In the paragraph "for the novice", are you saying it is, or is not, a good choice for the novice? Sorry to say, your paragraph is muddled and confusing.
Review: Cubao No. 3
EO Brands is one of the quieter companies in the industry. Cubao? Perhaps the quietest brand. 601 takes most of the attention, and those that know about Murcielago seem to love “The Bat.” But, Cubao? Not exactly in the spotlight. Admittedly, I don’t smoke a whole lot of Cubaos, but none of them have been bad, or even close to that. Most the time, I wonder why I don’t smoke more of them. The price point makes it one of the least expensive releases from Pepín’s stable of creations and unlike most of the cheaper products from the My Father Cigars Factory, it’s a bit hard to point to any cost-cutting.
- Name: Cubao No. 3
- Vitola: Lancero
- Size: 7 1/2 x 38
- Wrapper: Ecuadorian Sumatra Oscuro
- Binder: Nicaraguan
- Filler: Nicaraguan
- Country: Nicaragua
- Factory: My Father Cigars S.A.
- MSRP: $8.12 (Boxes of 30, $243.70)
- Source: Unknown
- Time in Humidor: 1 Year Plus
- Cut: Xikar Xi3
- Light: Colibri Boss II
- Beverage: Coke
- Smoking Time: 1 Hour 50 Minutes
EO Brands/United Tobacco was founded in 2003 by industry veteran Eddie Ortega and Erik Espinosa (Drew Estate’s Florida manager.) Cubao was introduced in 2008. Inside each box, a card tells the story behind the cigar:
Cu-bao – The Taino word for “where fertile land is abundant” or “a great place.”
Cuba is the most populous insular nation in the Caribbean. Its people, culture and customs draw from several sources including the aboriginal Taino and Ciboney tribes. It is believed that the name “Cuba” comes from the Taino word “cubao” which can be translated into either “where fertile land is abundant” or “a great place” (coabana.)
We have selected the finest filler and binder grown in the Jalapa and Esteli region of Nicaragua — where the soil is as rich as Cuba’s Pinar del Rio — and wrapped it in a rich flavorful Ecuadorian grown Sumatra oscuro wrapper to create CUBAO.
The tobacco growing is overseen by experts, the rolling is done by skilled torcedors, practiced in this centuries old art. We believe we have created a cigar with a truly old world flavor. We hope you will agree.
There are six Cubaos made, each named simplistically (No. 1, No. 2, etc…) The Lancero is No. 3, a true El Laguito No. 1 at 7 1/2 x 38. To be quite honest the cigar looks of an identical mold and roll to the My Father No. 4. It’s a dark solid earth wrapper with mild veins. Aroma from the Sumatra Oscuro is a medium-plus roasted coffee with lots of cocoa. The roll of the Cubao No. 3 is quite impressive featuring above average packing producing a slightly soft feeling cigar. Aroma from the foot is a coffee and cocoa mixture that features touches of vanilla and earth and spice on the back of the throat, not as sweet as you might think.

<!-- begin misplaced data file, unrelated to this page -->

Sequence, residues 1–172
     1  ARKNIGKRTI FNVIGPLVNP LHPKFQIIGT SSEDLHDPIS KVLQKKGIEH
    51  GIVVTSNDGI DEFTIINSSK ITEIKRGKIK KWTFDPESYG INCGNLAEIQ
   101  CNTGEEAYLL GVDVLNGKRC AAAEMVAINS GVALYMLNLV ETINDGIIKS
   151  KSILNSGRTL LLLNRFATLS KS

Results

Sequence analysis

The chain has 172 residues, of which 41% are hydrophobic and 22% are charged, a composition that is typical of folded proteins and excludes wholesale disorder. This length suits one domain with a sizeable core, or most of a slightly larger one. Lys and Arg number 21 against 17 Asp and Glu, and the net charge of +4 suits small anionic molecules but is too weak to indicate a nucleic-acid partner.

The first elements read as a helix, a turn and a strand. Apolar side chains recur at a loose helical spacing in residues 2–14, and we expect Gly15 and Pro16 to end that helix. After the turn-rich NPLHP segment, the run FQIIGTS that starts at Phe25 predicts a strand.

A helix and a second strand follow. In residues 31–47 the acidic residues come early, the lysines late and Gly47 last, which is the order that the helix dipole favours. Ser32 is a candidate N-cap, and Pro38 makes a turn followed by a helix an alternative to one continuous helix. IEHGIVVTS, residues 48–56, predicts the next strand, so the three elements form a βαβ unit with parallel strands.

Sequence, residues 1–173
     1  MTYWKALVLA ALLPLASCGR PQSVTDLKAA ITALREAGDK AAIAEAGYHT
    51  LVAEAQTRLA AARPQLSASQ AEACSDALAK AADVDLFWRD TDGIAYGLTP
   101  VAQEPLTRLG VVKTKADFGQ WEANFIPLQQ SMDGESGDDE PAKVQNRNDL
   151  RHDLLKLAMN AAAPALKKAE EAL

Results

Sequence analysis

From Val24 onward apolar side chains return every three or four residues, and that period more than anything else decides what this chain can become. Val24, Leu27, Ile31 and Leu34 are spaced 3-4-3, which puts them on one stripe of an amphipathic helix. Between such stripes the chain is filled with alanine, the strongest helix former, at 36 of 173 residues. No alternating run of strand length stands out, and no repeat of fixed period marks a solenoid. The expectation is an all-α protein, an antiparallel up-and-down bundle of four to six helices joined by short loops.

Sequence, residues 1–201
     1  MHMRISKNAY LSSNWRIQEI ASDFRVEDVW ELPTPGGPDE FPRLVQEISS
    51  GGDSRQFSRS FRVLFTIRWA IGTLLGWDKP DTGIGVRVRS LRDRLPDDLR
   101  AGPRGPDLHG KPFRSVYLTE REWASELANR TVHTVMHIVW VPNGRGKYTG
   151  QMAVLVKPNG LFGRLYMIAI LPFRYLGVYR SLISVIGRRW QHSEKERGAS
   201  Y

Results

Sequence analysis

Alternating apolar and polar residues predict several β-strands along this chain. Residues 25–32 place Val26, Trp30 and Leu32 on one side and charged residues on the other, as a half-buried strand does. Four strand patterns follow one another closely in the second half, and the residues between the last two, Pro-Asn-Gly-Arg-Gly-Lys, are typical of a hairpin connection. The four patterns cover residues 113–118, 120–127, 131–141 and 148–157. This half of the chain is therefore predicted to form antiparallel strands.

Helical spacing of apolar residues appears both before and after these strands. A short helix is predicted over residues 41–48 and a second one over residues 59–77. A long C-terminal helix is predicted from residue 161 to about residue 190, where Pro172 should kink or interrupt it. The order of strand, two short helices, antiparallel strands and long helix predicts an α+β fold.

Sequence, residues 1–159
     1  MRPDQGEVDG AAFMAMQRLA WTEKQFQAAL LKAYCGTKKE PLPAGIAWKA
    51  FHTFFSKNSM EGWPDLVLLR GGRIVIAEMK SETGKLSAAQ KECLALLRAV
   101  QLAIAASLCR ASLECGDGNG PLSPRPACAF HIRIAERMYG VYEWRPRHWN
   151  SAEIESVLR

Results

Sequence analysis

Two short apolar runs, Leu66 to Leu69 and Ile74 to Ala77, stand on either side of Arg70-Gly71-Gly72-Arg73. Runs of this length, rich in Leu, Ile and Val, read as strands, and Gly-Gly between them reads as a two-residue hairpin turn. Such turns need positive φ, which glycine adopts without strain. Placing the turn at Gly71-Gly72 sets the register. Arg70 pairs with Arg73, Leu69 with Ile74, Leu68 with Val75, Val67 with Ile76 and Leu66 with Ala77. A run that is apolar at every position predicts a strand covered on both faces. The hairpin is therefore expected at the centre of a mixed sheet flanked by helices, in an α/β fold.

After removing the cap the head produces an aroma of cocoa and caramel with a bit of noticeable root beer, earth and an extremely concentrated spice on the fullish aroma. Cold draw is tight with the Cubao giving a medium-full sweet brownie like cocoa over earth. Lighting the Cubao No. 3 produces a toasty woods aroma, enjoyable, but nothing special. It starts very tight with cocoa transitioning to cedar before finishing as a faint pepper accompanies cedar on the mediumish finish.
For a few minutes the cedar sticks around dominating what ever else is going on, but eventually it dies down. What’s left is some interesting refined spice underneath an earth and sweet coffee bean, just shy of full. Finish is mainly earth and spice, with some of that root beer sweetness that I got earlier and a touch of harshness, medium-full and medium in length. Draw opens up, which is a good thing as on one or two occasions I thought about getting the draw tool out. While strength is never full; it’s the most inconsistent aspect of the Cubao registering anywhere from medium to medium-full.
The Cubao No.3′s smoothness becomes apparent in the middle portion: cocoa, cedar and earth mix each other wonderfully with accenting notes of meatiness and pepper. Finish is good, just not as good as the full-like flavor, it’s got a mainly deepening cedar with some other woodsiness and a dying spice, medium-full and still about medium in length. Draw settles, a bit tight, but with a consistent amount of woodsy smoke coming out of the No. 3, there’s not much to complain about.
Closing the Cubao Lancero is always the interesting part, sometimes a deepening cedar, other times the mixture of earth, cedar, spice and coffee; and other times a cedar-less espresso and cocoa mixture. Finish is quite different at times, but an added note of butterscotch briefly showed itself on most of the Cubaos I smoked recently. While it’s a bit all over the place, the Cubao is consistently enjoyable.
For the Novice
It’s generally on the lighter side of Lanceros, seemingly staying medium in strength for the majority of time for me, but it’s too much. You get the sense that the Cubao wants to be a bit stronger than it is, which regardless is more than what I would give to a new smoker. In addition, the nearly full-body and full flavor are not characteristic’s of the Cubao that make it an attractive option for novices.
In the End
Marketing your cigar as a “lower-priced option” is for me, an excuse. The Cubao needs no excuse; it’s good and the price just makes it better. I can’t really say the Cubao is special, but it’s good. Good flavor, good construction, good price. What more can I say? Overlooked Cubao? Definitely a mistake. I don’t think I’ve ever seen these out of the $6-$7 range, just some food for thought.
84. Need an everyday Lancero, the Cubao No. 3 is a great place to start.